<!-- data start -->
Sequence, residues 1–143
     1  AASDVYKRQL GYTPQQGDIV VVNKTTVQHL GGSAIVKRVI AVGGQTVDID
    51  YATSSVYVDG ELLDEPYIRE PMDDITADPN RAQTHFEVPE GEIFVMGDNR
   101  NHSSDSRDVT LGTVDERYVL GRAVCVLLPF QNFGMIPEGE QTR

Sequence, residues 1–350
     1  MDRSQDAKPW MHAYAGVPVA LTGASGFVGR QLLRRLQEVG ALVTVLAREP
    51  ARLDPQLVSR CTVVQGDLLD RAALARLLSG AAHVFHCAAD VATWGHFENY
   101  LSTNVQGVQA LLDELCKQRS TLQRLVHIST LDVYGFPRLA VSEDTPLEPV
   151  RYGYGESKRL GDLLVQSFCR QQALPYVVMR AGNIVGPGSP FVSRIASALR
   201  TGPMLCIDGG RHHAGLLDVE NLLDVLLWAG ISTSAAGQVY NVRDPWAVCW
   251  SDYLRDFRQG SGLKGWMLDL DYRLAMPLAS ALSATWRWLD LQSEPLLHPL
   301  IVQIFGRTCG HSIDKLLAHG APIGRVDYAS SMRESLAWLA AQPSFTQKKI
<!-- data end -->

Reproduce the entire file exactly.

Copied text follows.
Sequence, residues 1–143
     1  AASDVYKRQL GYTPQQGDIV VVNKTTVQHL GGSAIVKRVI AVGGQTVDID
    51  YATSSVYVDG ELLDEPYIRE PMDDITADPN RAQTHFEVPE GEIFVMGDNR
   101  NHSSDSRDVT LGTVDERYVL GRAVCVLLPF QNFGMIPEGE QTR

Sequence, residues 1–350
     1  MDRSQDAKPW MHAYAGVPVA LTGASGFVGR QLLRRLQEVG ALVTVLAREP
    51  ARLDPQLVSR CTVVQGDLLD RAALARLLSG AAHVFHCAAD VATWGHFENY
   101  LSTNVQGVQA LLDELCKQRS TLQRLVHIST LDVYGFPRLA VSEDTPLEPV
   151  RYGYGESKRL GDLLVQSFCR QQALPYVVMR AGNIVGPGSP FVSRIASALR
   201  TGPMLCIDGG RHHAGLLDVE NLLDVLLWAG ISTSAAGQVY NVRDPWAVCW
   251  SDYLRDFRQG SGLKGWMLDL DYRLAMPLAS ALSATWRWLD LQSEPLLHPL
   301  IVQIFGRTCG HSIDKLLAHG APIGRVDYAS SMRESLAWLA AQPSFTQKKI